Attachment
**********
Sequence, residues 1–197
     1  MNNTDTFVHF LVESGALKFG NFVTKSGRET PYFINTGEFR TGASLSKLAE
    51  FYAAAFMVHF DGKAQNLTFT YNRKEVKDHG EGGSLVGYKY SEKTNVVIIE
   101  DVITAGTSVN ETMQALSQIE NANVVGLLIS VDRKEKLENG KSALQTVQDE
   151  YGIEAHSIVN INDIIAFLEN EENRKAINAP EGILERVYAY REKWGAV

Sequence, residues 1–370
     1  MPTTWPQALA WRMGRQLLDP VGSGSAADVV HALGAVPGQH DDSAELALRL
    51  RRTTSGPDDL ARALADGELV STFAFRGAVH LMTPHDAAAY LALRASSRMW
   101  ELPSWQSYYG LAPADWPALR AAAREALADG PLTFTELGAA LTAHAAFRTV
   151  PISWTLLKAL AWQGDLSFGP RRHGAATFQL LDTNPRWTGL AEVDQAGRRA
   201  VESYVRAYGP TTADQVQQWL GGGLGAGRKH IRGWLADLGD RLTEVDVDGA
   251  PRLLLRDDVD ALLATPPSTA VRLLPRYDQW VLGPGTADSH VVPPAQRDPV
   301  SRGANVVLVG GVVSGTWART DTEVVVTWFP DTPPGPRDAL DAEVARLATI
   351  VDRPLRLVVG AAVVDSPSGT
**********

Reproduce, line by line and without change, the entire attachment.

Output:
Sequence, residues 1–197
     1  MNNTDTFVHF LVESGALKFG NFVTKSGRET PYFINTGEFR TGASLSKLAE
    51  FYAAAFMVHF DGKAQNLTFT YNRKEVKDHG EGGSLVGYKY SEKTNVVIIE
   101  DVITAGTSVN ETMQALSQIE NANVVGLLIS VDRKEKLENG KSALQTVQDE
   151  YGIEAHSIVN INDIIAFLEN EENRKAINAP EGILERVYAY REKWGAV

Sequence, residues 1–370
     1  MPTTWPQALA WRMGRQLLDP VGSGSAADVV HALGAVPGQH DDSAELALRL
    51  RRTTSGPDDL ARALADGELV STFAFRGAVH LMTPHDAAAY LALRASSRMW
   101  ELPSWQSYYG LAPADWPALR AAAREALADG PLTFTELGAA LTAHAAFRTV
   151  PISWTLLKAL AWQGDLSFGP RRHGAATFQL LDTNPRWTGL AEVDQAGRRA
   201  VESYVRAYGP TTADQVQQWL GGGLGAGRKH IRGWLADLGD RLTEVDVDGA
   251  PRLLLRDDVD ALLATPPSTA VRLLPRYDQW VLGPGTADSH VVPPAQRDPV
   301  SRGANVVLVG GVVSGTWART DTEVVVTWFP DTPPGPRDAL DAEVARLATI
   351  VDRPLRLVVG AAVVDSPSGT